HUNTINGTON BEACH, Calif. (NASA PR) — A host of CubeSats, or small satellites, are undergoing the final stages of processing at Rocket Lab USA’s facility in Huntington Beach, California, for NASA’s first mission dedicated solely to spacecraft of their size. This will be the first launch under the agency’s new Venture Class Launch Services.
Scientists, including those from NASA and various universities, began arriving at the facility in early April with spacecraft small enough to be a carry-on to be prepared for launch.
A team from NASA’s Goddard Spaceflight Center in Greenbelt, Maryland, completed final checkouts of a CubeSat called the Compact Radiation Belt Explorer (CeREs), before placing the satellite into a dispenser to hold the spacecraft during launch inside the payload fairing. Among its missions, the satellite will examine the radiation belt and how electrons are energized and lost, particularly during events called microbursts — when sudden swarms of electrons stream into the atmosphere.
This facility is the final stop for designers and builders of the CubeSats, but the journey will continue for the spacecraft. Rocket Lab will soon ship the satellites to New Zealand for launch aboard the company’s Electron orbital rocket on the Mahia Peninsula this summer.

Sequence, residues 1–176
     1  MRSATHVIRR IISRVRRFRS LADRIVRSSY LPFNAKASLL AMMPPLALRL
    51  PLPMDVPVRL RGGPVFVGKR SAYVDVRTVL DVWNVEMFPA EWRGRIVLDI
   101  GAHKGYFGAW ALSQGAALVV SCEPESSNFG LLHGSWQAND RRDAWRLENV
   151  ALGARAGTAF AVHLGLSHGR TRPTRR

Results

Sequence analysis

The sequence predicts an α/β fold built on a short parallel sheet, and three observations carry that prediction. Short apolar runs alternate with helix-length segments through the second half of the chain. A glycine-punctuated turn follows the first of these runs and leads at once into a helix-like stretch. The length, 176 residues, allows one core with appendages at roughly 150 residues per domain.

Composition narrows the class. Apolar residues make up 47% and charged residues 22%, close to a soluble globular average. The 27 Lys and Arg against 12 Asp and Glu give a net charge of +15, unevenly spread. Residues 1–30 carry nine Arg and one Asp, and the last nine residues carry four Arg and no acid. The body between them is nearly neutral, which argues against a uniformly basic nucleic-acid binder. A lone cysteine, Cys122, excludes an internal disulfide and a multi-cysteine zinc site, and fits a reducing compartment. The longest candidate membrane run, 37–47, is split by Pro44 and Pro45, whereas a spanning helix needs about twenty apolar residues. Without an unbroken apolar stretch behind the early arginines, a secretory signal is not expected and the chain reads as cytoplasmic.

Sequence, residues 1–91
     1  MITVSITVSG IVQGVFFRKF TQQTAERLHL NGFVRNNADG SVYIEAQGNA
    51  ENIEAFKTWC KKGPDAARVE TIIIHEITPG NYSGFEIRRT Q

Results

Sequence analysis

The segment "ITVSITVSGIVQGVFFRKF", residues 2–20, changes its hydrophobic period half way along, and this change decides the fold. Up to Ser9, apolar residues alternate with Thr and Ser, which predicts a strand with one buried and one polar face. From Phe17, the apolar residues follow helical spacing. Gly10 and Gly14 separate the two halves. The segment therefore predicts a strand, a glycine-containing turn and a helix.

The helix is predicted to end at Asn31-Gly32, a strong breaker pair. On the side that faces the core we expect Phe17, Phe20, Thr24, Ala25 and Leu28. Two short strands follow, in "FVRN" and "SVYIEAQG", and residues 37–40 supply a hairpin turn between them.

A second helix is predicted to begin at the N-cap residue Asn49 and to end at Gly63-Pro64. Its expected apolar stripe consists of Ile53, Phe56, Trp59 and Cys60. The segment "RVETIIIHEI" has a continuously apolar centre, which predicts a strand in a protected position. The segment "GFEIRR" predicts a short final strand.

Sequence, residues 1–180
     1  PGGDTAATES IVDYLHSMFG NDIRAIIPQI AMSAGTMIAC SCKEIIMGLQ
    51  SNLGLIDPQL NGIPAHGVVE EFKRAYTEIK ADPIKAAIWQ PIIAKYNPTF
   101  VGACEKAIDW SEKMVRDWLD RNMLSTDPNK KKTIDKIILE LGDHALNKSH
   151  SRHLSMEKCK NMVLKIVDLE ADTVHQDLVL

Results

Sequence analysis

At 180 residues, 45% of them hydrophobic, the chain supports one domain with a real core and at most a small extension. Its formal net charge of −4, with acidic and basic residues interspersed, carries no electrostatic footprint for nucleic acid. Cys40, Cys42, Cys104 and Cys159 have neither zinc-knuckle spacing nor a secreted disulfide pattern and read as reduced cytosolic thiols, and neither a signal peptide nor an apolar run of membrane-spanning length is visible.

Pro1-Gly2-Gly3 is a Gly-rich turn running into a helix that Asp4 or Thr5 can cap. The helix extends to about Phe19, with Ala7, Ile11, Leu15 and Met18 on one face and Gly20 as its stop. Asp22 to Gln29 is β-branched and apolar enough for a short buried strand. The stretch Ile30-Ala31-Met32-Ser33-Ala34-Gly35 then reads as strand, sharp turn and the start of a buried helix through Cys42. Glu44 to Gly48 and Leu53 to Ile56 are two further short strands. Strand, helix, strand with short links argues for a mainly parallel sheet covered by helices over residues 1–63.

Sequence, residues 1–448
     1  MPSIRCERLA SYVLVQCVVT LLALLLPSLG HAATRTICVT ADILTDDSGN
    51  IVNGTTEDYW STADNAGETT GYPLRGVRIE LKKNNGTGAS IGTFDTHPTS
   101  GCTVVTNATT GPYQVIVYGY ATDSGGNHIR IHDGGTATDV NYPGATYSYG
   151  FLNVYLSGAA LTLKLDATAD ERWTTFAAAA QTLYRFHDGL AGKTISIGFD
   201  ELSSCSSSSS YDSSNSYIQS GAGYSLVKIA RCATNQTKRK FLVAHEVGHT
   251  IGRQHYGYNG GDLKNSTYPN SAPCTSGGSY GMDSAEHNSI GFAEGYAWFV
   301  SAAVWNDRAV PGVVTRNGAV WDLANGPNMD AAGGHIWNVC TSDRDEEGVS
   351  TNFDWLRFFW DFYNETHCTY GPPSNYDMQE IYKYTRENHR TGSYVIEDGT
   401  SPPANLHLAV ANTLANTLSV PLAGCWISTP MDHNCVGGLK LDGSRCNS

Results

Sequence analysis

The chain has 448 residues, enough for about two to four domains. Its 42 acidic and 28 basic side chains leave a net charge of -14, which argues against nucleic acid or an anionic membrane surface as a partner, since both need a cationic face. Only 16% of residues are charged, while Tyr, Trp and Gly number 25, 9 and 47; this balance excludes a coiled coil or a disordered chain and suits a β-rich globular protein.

The CubeSats will be flown on an Educational Launch of Nanosatellites (ELaNa) mission to space through NASA’s CubeSat Launch Initiative. CeREs is one of the 10 ELaNa CubeSats scheduled to be a part of this mission.
Rep. Jim Bridenstine (R-OK) says that his leadership efforts in Congress on space issues qualifies him to serve as NASA administrator.
“For three terms in Congress, have led comprehensive, bipartisan, space reforms with the objective of preserving America’s preeminence and global leadership in space,” Bridenstine stated in a notarized document submitted to the Senate Committee on Commerce, Science and Transportation.
“These efforts have led me to a deep understanding of the complex challenges NASA will face bringing together traditional space companies and new space entrepreneurs into a comprehensive NASA vision for both exploration and science,” he added. “Traditional and new space companies are both critical to accelerating America’s space renaissance.”
In the document, which queried Bridenstine on his views and qualifications for NASA’s top job, the congressman listed NASA’s top three challenges as: (more…)
Ignoring the Trump’s Administration’s fiscal year 2018 (FY 2018) budget request, the House Appropriations Committee has voted to boost NASA’ spending to $19.88 billion, including significant increases to the space agency’s Exploration and Planetary Science programs.
The appropriations bill is an increase of $779.8 million over Trump’s requested budget of $19.09 billion. It would increase NASA’s budget by $218.5 million over the $19.65 billion the space agency is receiving in FY 2017.
NASA’s Exploration program, which includes the Space Launch System (SLS) and Orion spacecraft, would be boosted by $226 million to $4.55 billion under the House measure. The administration had requested $3.93 billion, a cut of $390 million under current spending.